CARE Visiting Lecture -Public Talk – Dr. Laura Miller -University of Tennessee

Communicating about cancer: Considerations for identity and uncertainty management

Date: Thursday, 20 Feb 2020 Time: 12pm – 1pm
Location: BSC 1.06 CARE Lab, Manawatu campus. Massey University

Talk Abstract:
Communicating about cancer presents many challenges for patients and their families. Uncertainty is prevalent across the survivorship trajectory; specifically, questions regarding recurrence, unexplained symptoms, and renegotiating relational roles all may persist after cancer treatment is completed. This talk will consider the communication processes and uncertainty management strategies patients and families engage in throughout a cancer experience and beyond.

Short Bio:
Laura Miller received her PhD from the University of Illinois at Urbana-Champaign. She is currently an Associate Professor in the School of Communication Studies at the University of Tennessee in the USA. Her works explores how individuals communicate about health, how families communicate support amid health stressors, and how illness-related uncertainty is managed. She is passionate about global education and has taught in Beijing, Dublin, and Sydney.

Activist-in-Residence at CARE: A collaboration with Braema Mathi

CARE is delighted to host the veteran Singaporean activist Ms. Braema Mathi (Mathiaparanam) as the Center’s inaugural activist-in-residence.

That structural conditions that constitute health need to be systematically challenged and transformed is a key principle of the culture-centered approach (CCA), and forms the basis of the activist-in-residence program. The conceptualization of health as a key node for struggles for social justice offers the basis for participatory projects at the grassroots and of movements that seek to build health sustaining structures. The projects at CARE therefore seek to create spaces and sites for structural transformation through partnerships with communities and activists.

The activist-in-residence program at CARE brings in an activist to spend a few months (between 1 and 6 months) in conversation with a specific project or a series of projects at CARE, resulting in publications of white papers, policy briefs, media interventions, and advocacy strategies. In addition, the activist-in-residence offers workshops and interaction sessions on communication strategies for creating social justice anchors. The community of activists-in-residence return for dialogues on sustainable strategies for structural transformation, methods of community organizing, and tactics of communication interventions that resist structures.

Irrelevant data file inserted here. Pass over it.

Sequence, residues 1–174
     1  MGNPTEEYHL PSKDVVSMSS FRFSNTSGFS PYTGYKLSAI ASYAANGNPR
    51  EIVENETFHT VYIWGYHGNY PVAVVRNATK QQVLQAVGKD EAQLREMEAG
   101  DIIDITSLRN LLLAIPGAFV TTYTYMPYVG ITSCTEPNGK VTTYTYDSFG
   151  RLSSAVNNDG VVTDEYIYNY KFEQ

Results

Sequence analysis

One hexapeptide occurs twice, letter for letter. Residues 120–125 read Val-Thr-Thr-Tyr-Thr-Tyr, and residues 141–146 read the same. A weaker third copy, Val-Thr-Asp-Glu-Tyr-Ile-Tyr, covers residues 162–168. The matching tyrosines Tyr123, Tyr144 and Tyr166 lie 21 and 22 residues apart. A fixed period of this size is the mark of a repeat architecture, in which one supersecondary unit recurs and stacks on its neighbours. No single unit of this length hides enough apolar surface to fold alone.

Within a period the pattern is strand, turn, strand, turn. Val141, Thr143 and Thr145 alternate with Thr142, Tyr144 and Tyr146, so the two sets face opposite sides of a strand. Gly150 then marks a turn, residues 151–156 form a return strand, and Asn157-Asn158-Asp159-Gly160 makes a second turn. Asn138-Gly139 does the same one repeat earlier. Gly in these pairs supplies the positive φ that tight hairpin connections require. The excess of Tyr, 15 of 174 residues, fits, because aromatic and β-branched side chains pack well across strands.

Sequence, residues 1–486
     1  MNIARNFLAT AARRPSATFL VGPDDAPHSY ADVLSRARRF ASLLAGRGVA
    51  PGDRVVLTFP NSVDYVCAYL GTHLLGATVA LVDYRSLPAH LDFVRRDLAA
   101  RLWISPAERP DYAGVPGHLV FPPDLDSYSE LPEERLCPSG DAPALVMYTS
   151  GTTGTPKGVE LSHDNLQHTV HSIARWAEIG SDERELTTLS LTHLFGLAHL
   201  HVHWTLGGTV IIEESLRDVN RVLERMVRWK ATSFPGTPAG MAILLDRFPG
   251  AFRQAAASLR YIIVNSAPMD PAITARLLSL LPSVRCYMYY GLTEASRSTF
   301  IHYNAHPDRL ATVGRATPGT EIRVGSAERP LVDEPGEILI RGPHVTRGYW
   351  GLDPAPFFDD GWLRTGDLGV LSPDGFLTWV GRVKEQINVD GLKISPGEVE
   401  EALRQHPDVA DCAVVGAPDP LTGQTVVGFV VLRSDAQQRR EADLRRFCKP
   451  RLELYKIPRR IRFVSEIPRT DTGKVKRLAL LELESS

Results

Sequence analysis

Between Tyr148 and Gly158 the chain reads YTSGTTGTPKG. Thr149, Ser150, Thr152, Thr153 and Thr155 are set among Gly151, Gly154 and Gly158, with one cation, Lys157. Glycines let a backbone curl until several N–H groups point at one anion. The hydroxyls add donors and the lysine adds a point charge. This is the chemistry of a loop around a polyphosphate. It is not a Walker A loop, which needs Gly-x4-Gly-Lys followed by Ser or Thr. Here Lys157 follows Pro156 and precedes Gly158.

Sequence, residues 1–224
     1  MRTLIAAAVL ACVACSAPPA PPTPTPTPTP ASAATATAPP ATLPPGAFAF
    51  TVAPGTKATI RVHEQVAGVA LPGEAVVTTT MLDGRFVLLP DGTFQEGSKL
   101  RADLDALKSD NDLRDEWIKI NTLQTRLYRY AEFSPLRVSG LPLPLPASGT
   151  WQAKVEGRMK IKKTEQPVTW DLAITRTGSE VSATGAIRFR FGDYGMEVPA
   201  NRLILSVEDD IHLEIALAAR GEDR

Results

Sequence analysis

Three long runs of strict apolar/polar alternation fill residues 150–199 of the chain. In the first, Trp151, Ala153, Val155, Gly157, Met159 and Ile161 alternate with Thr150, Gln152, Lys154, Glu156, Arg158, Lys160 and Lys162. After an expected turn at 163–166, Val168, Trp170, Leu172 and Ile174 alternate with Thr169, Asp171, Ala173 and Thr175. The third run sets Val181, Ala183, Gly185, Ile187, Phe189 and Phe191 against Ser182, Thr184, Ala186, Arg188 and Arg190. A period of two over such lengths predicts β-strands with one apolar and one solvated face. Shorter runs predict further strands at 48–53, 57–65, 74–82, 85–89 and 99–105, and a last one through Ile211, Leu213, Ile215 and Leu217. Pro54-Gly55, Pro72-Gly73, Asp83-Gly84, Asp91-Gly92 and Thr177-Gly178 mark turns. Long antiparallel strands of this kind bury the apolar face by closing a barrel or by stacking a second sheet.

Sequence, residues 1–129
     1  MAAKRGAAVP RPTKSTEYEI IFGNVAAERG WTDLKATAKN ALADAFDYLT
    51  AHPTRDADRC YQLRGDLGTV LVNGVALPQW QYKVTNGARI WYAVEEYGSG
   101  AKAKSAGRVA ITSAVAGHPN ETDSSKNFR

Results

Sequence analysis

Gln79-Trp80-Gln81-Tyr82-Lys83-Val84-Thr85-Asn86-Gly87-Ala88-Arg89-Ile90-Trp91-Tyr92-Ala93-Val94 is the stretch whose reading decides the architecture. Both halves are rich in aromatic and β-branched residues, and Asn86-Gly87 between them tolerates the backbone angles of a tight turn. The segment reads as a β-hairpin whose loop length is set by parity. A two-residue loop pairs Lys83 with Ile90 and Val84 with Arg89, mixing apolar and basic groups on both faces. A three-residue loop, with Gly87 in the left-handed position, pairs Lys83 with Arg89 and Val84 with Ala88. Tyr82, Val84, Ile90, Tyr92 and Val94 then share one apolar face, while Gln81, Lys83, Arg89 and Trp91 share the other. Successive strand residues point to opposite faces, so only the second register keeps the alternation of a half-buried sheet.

Drawing on CARE projects across Asia-Pacific and the US, the activist-in-residence program seeks to create an infrastructure for global networks of transformative activist politics that imagines a socially just world based on the fundamental tenets of human rights.

A stalwart of Singapore activism, Braema defines the landscape of communication for social change in Singapore through her tireless advocacy for human rights in Singapore and across Southeast Asia.

Her interest in social justice from early years led Braema to become involved in issues related to women, migrants and HIV. She has led AWARE, founded and led Transient Workers Count Too, was the Vice-President of Action for Aids, and also founded and led MARUAH (Singapore Working Group for ASEAN Human Rights Mechanism). She is also the Singapore focal Point for MARUAH in ASEAN and also on the Southeast Women’s Caucus. She was also the Regional President (Southeast Asia and Pacific) of the International Council of Social Welfare and AWARE‘s first Director of Research and Advocacy.

Her areas of expertise include advocacy strategies, communications toolkits, partnerships with the media, and networked platforms for change. She has published book chapters, articles and also written reports to and for organisations that include think-tanks in Southeast Asia and to the United Nations.

As activist-in-residence, Braema will lead CARE’s capacity building work in human rights and communication for social change, fostering a network of community organizations and academics across the Asia-pacific, offering guidance to the development of platforms of resistance to the neoliberal order, and participating in collaborations in thinking through ideas of health as a human right. She is currently collaborating with Professor Mohan Dutta on white papers on key areas of social change communication, which will lead to a book on Communication and Social Change.